Physician Assistant school gains ground in rankings
UF’s School of Physician Assistant Studies rose to 21st from 27th among physician assistant programs nationwide. In the past year, the school has inaugurated a research initiative, increased experiential learning opportunities and increased the use of educational technologies.
“The latest ranking shows that our school is earning its place among the nation’s best physician assistant programs,” said Nina Multak, Ph.D., PA-C, the school’s dean and director. “Our faculty and staff have contributed greatly to this accomplishment.”
Nursing doctoral ranking jumps
The College of Nursing’s Doctor of Nursing Practice program improved its standing, rising to 24th in the nation from 28th.
“As the top D.N.P. program in the state and No. 24 nationally, the UF College of Nursing remains on the forefront of preparing graduates who provide excellent personalized nursing care, influence evidence-based practice and provide leadership in health care delivery, education and the profession,” said Anna McDaniel, Ph.D., dean of the College of Nursing. “The D.N.P. program continues to be a point of pride for the College of Nursing, and our graduates are a reflection of our college’s dedication to transforming health at the crucial intersection of research and practice.”
UF Veterinary Medicine breaks into Top 10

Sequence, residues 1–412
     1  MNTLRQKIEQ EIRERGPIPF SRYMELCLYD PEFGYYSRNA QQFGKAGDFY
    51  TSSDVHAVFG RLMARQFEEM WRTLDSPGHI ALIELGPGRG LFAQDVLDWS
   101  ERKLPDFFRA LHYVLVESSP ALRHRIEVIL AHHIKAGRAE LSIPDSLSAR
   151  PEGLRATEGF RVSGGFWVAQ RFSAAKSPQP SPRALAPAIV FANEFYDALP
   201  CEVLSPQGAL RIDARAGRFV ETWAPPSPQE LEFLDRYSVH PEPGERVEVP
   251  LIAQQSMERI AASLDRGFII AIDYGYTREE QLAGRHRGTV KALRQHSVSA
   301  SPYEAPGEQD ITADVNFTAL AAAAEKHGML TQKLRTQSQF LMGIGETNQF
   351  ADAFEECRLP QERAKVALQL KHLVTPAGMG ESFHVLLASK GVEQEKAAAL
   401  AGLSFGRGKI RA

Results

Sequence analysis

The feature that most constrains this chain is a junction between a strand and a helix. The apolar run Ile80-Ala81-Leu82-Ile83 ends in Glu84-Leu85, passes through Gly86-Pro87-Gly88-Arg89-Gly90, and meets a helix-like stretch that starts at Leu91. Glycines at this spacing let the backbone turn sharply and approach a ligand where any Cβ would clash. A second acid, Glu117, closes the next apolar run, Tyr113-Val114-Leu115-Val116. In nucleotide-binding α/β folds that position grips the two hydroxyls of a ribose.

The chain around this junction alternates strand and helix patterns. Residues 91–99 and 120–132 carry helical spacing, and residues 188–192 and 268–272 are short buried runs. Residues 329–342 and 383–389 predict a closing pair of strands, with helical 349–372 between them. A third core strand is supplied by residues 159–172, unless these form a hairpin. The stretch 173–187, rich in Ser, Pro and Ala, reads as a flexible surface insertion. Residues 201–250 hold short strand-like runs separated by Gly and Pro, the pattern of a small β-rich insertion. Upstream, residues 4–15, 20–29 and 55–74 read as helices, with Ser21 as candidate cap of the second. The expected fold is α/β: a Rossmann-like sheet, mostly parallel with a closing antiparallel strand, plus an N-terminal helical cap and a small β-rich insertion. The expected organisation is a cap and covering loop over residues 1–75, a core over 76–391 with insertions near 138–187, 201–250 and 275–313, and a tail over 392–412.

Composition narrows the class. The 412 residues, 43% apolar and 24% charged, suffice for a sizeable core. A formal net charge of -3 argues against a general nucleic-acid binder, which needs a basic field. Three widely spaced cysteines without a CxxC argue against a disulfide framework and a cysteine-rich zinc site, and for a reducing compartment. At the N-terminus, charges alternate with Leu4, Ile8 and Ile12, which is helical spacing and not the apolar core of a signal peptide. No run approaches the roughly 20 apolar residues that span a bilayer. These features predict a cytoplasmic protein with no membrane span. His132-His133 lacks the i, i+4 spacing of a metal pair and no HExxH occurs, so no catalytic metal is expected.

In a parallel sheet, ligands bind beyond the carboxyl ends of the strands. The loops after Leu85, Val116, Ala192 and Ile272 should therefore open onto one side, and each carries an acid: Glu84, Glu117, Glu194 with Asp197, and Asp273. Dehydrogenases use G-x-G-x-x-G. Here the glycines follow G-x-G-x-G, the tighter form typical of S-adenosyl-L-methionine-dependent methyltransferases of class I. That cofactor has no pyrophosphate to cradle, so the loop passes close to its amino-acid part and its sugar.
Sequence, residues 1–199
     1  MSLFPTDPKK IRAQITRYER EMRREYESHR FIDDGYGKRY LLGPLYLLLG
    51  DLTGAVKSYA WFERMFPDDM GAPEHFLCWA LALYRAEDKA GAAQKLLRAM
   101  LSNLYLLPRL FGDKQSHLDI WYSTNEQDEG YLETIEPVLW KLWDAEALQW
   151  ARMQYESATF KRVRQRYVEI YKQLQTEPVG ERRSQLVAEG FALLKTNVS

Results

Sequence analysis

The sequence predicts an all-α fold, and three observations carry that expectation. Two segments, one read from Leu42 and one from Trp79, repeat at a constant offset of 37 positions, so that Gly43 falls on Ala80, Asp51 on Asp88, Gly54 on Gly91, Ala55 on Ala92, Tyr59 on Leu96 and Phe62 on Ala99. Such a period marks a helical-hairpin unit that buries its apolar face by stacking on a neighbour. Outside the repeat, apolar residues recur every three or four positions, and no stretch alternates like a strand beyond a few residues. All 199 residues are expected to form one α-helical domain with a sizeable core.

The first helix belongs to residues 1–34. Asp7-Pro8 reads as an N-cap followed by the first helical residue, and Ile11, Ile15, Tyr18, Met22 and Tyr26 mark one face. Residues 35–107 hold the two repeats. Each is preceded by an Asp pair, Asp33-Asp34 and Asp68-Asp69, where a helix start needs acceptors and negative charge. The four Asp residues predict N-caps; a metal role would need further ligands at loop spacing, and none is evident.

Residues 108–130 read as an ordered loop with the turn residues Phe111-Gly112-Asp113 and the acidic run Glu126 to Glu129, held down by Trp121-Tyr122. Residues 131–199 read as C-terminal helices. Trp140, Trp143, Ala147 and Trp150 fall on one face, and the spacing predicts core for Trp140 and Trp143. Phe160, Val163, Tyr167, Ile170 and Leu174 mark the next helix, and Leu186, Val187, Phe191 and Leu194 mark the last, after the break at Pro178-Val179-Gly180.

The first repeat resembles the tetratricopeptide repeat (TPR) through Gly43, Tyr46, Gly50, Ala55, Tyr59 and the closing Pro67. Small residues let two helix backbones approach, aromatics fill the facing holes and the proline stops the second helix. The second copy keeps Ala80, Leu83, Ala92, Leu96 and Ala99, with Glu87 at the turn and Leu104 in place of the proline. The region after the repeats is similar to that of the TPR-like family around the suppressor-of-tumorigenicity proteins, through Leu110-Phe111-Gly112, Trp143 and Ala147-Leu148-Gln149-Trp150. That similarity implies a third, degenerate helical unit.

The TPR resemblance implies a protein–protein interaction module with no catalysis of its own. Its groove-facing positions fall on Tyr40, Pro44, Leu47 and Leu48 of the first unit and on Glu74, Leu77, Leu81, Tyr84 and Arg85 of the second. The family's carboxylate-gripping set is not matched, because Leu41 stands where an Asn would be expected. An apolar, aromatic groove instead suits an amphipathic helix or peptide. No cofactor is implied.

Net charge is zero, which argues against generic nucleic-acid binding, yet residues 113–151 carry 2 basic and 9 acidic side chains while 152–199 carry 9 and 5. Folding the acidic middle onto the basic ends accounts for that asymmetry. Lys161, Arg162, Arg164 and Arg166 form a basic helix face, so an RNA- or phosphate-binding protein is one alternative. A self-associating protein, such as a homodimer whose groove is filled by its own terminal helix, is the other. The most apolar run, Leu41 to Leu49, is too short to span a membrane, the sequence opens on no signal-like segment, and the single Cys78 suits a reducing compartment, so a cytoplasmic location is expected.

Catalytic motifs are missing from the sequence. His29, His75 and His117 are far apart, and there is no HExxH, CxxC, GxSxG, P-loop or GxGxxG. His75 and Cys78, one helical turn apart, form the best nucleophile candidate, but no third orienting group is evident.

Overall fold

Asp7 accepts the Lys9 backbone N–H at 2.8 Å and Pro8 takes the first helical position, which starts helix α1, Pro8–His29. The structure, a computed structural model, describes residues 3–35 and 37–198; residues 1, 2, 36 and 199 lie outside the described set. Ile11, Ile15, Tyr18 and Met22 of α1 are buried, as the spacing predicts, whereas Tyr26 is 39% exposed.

The College of Veterinary Medicine joined an elite group, ranking ninth among all veterinary programs. It had previously been ranked 14th in the country.
“These new rankings reflect amazing success in our ongoing pursuit of preeminence across the mission: teaching, research and clinical service. Without a doubt, our success is squarely rooted in the incredible hard work, dedication, creativity, scholarship and unwavering commitment to quality of our faculty, staff and students,” said James W. Lloyd, D.V.M., Ph.D., dean of the UF College of Veterinary Medicine. “Among all institutions in this ranking, the UF Small Animal Hospital now boasts the third-highest companion-animal caseload, our research enterprise is now among the leaders in National Institutes of Health funding, and our Doctor of Veterinary Medicine degree is among the most highly sought-after as reflected by the ever-increasing size, strength and diversity of our applicant pool.”